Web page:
Before the quarantine, Juhi Desai’s life was fiercely independent.
A 25-year-old peace corps volunteer, the New Jersey native was keeping busy teaching English and math to the children of a rural village in South Africa. When she wasn’t teaching, she played with her dog and enjoyed the freedom that came with building a life in another part of the world.
And then the pandemic hit. “We all got evacuated in March, due to coronavirus,” she says in a recent interview.
Now, Desai is living with her family back in New Jersey. Though she loves her parents and has thoroughly enjoyed the time she gets to spend with them, she still misses her freedom.
Desai will start working on her graduate degree come the fall semester, and since she’s no longer working for the peace corps, she’s essentially out of a job until her studies pick up.
“Right now, I’m unemployed — lucky me,” Desai quips. “I’m kind of just sitting around for six months, since nobody’s going to hire me.”
When Desai was evacuated from South Africa, she wanted to stay busy. A staunch supporter of Vermont Senator Bernie Sanders, she decided to volunteer for his 2020 presidential campaign upon returning to the States.
Desai says the Sanders campaign represents everything she believes when it comes to politics and human rights. As a self-identified Democratic voter, her top issues include women’s rights, climate change, education policy and prison reform, among others.
“I believe that many issues stem from the prioritization of corporate profits over human life,” she says, outlining her support for the Senator’s progressive platform, which featured ideas like universal healthcare and the most sweeping climate change plan put forth by any leading presidential candidate in the 2020 race.
What’s more, she felt that Sanders’ leadership was more crucial now than ever before, with an oncoming pandemic and what she viewed as a clear need for progressive policies to mitigate hardships for working class Americans.
“I actually thought the pandemic may give Bernie a boost as people realize the need for the need for certain policies he’s been pushing for his whole life,” she says. “Coronavirus has exposed so many of the inequalities in our society: it exposed the need for a universal healthcare system, it exposed the corruption in Washington, the way our politicians aren’t really working for us and moving very slowly. I just thought that it might give Bernie a little bit of an edge.”
So, she decided to volunteer for his campaign in early March, in any way she could. Desai attended a training to send texts for the Senator to voters across the country.
A day later, Sanders dropped out of the race, endorsing former Vice President Joe Biden for the Democratic presidential nomination.
“He’s not really my favorite candidate,” she says. “I’m 25, and I kind of fall in line with a lot of voters my age who feel he’s outdated, and he has kind of a murky record.”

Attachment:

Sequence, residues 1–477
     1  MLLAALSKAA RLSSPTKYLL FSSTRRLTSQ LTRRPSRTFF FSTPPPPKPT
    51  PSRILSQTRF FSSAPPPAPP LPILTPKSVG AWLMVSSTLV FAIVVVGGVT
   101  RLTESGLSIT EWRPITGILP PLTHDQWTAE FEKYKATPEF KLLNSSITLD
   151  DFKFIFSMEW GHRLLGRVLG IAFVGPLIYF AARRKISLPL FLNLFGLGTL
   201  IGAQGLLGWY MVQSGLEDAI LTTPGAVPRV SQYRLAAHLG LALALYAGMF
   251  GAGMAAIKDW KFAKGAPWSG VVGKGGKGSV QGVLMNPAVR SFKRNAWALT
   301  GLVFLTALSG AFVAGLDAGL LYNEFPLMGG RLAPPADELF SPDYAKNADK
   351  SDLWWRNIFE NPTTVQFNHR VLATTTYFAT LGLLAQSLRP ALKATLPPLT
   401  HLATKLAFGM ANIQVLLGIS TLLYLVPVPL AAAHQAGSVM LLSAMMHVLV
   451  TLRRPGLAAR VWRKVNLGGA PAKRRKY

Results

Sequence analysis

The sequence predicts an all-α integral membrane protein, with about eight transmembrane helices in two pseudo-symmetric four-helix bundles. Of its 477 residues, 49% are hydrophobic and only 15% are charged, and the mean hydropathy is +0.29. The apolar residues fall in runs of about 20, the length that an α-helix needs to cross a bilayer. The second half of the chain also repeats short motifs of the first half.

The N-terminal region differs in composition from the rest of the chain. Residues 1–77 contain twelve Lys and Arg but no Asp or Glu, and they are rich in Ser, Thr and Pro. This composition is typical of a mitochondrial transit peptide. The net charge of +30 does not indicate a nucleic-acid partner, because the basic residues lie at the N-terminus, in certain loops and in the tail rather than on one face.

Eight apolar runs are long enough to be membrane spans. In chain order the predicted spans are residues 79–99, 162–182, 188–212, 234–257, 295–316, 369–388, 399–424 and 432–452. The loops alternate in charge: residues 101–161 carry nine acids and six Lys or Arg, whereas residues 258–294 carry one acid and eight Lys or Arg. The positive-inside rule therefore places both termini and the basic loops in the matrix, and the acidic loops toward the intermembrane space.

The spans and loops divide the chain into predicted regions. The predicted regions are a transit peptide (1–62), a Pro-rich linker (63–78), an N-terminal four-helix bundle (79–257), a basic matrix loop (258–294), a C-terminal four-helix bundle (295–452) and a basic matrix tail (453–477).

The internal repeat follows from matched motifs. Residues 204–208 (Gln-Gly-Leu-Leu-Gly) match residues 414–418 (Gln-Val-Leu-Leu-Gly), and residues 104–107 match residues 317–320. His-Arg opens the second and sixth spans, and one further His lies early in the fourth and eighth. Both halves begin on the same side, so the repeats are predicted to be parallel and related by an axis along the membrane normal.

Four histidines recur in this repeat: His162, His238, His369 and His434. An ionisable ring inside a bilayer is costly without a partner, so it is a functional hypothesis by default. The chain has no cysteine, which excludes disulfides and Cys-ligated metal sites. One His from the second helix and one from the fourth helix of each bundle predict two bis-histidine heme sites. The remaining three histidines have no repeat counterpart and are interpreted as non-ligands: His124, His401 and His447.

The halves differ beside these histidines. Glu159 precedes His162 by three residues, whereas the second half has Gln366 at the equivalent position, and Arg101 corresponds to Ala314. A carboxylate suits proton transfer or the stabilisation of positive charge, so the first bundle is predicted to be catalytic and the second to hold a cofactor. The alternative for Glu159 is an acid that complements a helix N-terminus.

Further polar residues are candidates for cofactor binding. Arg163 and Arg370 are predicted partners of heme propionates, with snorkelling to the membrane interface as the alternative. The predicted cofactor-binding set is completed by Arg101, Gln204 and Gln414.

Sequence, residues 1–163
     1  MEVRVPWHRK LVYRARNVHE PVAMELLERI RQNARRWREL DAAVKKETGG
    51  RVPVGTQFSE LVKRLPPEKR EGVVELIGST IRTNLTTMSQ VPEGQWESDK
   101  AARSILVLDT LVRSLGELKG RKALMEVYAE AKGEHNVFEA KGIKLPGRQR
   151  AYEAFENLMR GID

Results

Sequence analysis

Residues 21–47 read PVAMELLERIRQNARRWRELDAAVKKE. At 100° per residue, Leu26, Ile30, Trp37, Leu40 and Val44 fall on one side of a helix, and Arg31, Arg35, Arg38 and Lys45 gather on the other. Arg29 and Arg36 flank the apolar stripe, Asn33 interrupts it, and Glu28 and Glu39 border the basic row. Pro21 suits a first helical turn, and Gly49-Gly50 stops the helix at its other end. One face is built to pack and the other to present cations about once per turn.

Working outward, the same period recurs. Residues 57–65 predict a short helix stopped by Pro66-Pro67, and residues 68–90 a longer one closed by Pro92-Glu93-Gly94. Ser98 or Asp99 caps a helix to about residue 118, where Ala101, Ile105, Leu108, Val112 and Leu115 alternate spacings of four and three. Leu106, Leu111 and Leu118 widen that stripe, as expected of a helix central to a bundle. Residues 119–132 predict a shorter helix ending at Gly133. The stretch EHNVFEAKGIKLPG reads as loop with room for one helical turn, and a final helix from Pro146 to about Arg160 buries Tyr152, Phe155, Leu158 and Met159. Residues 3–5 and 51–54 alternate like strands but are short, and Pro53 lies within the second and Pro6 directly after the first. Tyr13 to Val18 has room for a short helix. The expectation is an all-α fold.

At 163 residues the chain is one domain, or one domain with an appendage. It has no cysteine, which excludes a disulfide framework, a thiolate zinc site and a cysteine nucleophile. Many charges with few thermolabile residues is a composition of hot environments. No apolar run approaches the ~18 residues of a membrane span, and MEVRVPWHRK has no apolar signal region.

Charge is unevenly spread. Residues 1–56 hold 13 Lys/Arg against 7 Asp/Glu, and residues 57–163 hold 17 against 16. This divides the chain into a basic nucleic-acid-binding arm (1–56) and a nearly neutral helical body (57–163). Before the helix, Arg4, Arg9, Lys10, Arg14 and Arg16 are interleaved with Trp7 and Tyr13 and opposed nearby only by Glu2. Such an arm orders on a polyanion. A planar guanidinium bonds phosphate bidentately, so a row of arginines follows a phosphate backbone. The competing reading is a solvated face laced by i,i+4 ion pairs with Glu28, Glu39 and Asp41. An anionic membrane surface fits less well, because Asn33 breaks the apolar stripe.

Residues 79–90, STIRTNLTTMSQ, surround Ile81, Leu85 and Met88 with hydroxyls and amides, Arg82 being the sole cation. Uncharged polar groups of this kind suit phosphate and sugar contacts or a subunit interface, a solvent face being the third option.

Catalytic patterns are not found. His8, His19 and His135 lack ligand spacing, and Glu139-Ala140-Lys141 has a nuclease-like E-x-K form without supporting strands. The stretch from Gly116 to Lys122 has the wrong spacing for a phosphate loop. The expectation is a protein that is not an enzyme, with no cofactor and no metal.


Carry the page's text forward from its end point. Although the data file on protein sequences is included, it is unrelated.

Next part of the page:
She brings up the 1994 crime bill he spearheaded, as well as his “behavior with Anita Hill” during the Supreme Court confirmation hearings he oversaw for Justice Clarence Thomas in 1991.
“He represents an extension of establishment politics that we’re used to,” she says.
After Sanders dropped out, Desai notes how Biden offered “somewhat of an olive branch” to progressives like her — however, in her view, he hasn’t gone far enough to capture the Sanders base.
“He’s released some plans since Bernie dropped out that are somewhat more progressive — the update to his student loan plan, lowering the Medicare age to 60 — but they don’t go far enough,” she says, adding: “He does things that are kind of half-assed.”
Desai adds: “Lowering the Medicare age to 60 when it was 65 … he released another plan that he was going to decriminalize marijuana in the entire country. That’s not enough: you need to legalize it. He’s going halfsies on some of these really important policies that progressives are really fighting for, that are going to have an actual impact on lives.”
Desai is an interesting voter to me: After profiling several Sanders’ supporters for this series over the 28 weeks it has ran so far, I’ve been surprised to see how many self-identified Democrats who were set to vote for the Senator are now refusing to cast a ballot for Biden, the presumptive nominee. But not Desai: she’s willing to vote for Biden, but he’s going to have to continue his efforts wooing folks like her.
I ask her what it may take for him to capture her support, and she pauses for a moment.
“I mean, he does all the right things on paper. He does the verbiage in his Instagram posts and his tweets, saying things like ‘We need you, not me, us,’” she says, citing Sanders’ campaign slogan. “But the policies are not reflecting that commitment yet.”
Desai offers up a solution that may pull over more folks like her, and convince Sanders’ supporters to officially endorse the former vice president.
“I think one way he can make this up is with his VP pick,” she says. “If he chose Elizabeth Warren, I honestly think that would be a really big olive branch to the progressive wing of the party, but we’ll see.”